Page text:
How is that possible?
In this context, euthyroidism refers to the amount of hormone present.
The term “goiter” simply refers to the abnormal enlargement of the thyroid gland. It is important to know that the presence of a goiter does not necessarily mean that the thyroid gland is malfunctioning. A goiter can occur in a gland that is producing too much hormone (hyperthyroidism), too little hormone (hypothyroidism), or the correct amount of hormone (euthyroidism). A goiter indicates there is a condition present which is causing the thyroid to grow abnormally.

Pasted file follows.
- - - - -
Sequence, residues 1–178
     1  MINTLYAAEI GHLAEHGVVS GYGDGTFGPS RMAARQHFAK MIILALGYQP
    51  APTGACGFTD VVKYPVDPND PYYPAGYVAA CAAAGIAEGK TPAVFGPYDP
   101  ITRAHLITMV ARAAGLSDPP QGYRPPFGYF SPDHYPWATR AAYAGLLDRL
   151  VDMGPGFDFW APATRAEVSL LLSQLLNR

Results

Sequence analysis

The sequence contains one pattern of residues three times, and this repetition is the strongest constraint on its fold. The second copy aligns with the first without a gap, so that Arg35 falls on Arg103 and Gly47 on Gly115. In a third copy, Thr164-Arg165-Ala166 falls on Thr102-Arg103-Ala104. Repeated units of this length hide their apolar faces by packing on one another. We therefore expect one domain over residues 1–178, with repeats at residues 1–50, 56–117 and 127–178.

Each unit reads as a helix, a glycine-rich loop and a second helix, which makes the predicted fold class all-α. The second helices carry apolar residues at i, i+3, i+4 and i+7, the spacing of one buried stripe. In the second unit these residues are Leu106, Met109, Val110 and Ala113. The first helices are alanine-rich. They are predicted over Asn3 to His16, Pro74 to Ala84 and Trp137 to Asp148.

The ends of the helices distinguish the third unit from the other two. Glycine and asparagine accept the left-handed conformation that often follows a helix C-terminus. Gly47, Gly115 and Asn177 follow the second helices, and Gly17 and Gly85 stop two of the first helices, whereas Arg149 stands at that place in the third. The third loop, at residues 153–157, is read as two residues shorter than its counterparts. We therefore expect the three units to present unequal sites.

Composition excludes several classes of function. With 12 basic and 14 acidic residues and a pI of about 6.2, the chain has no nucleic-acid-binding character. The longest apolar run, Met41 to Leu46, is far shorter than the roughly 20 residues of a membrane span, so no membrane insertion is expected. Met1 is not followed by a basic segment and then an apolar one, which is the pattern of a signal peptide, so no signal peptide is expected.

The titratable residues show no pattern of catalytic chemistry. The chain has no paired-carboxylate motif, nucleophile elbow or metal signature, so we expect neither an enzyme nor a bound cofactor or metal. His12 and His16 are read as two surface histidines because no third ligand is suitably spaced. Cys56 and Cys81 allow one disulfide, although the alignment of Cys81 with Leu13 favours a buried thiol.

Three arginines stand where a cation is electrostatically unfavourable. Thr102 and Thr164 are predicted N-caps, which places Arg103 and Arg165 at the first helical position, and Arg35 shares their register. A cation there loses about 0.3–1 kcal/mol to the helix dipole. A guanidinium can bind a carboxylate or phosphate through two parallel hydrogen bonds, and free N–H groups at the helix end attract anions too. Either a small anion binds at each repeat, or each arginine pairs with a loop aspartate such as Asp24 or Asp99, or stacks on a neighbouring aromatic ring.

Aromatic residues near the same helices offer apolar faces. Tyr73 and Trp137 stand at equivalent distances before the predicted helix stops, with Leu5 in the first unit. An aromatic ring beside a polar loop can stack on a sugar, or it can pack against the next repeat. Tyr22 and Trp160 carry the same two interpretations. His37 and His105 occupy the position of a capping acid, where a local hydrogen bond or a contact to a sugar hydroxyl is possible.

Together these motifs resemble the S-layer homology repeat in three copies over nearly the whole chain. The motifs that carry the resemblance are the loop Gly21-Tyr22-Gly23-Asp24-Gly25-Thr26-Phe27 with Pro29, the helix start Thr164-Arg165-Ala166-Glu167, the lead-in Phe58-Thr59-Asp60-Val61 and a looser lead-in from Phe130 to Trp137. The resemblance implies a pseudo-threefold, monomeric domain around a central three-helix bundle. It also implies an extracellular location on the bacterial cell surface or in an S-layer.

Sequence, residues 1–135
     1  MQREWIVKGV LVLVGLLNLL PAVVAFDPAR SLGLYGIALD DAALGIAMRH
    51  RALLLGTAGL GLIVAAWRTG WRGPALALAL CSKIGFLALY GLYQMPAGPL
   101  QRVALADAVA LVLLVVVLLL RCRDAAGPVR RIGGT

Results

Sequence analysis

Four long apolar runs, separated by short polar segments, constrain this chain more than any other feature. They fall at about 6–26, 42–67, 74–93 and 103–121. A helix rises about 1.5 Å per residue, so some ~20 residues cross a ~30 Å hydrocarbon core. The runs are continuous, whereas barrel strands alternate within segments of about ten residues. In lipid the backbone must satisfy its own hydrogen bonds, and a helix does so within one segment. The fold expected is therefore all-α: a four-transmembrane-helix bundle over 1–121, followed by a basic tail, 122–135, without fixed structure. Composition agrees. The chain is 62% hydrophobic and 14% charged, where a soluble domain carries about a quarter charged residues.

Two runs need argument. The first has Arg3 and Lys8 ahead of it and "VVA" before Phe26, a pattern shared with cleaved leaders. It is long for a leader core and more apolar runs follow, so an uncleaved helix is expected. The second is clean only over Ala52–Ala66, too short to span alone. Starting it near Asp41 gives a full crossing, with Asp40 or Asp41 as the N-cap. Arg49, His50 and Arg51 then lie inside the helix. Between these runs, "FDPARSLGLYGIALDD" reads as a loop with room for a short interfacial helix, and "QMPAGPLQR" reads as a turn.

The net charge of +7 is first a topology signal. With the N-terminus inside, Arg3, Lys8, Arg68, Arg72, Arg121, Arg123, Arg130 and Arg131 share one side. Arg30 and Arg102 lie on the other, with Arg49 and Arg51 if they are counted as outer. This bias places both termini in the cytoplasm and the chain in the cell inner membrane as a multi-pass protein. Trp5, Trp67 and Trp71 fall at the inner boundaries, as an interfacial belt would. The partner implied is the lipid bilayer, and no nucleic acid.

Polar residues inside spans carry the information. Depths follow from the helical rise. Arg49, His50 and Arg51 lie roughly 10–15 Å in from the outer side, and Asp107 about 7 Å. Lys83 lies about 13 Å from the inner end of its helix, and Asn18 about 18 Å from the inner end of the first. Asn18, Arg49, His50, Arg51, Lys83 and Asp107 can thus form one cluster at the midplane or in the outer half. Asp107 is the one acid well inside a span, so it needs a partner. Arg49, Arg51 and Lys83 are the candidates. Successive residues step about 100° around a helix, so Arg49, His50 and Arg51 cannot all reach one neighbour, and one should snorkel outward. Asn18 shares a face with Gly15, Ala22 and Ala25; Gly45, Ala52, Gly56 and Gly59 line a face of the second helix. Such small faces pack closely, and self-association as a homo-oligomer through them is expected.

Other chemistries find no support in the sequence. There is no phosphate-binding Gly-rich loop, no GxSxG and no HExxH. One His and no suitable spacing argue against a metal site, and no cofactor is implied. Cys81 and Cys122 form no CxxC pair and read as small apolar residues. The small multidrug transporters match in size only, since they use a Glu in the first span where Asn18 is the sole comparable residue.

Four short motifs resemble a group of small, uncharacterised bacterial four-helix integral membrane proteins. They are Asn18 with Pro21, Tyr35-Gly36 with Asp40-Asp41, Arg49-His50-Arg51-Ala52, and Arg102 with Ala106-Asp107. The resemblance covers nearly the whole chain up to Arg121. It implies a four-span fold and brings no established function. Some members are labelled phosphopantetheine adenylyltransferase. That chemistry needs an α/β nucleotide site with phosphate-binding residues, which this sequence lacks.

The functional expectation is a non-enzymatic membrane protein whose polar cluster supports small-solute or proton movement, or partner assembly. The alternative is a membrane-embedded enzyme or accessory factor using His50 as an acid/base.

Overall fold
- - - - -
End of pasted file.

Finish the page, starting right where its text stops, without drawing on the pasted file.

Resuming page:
ETA: According to this:
Chronic lymphocytic thyroiditis (CLT), also known as Hashimoto thyroiditis, is an autoimmune, inflammatory process that causes up to 55% to 65% of all euthyroid goitres...
Although, as the link I already gave above state, regular ol' iodine deficiency can still cause euthyroid goiter.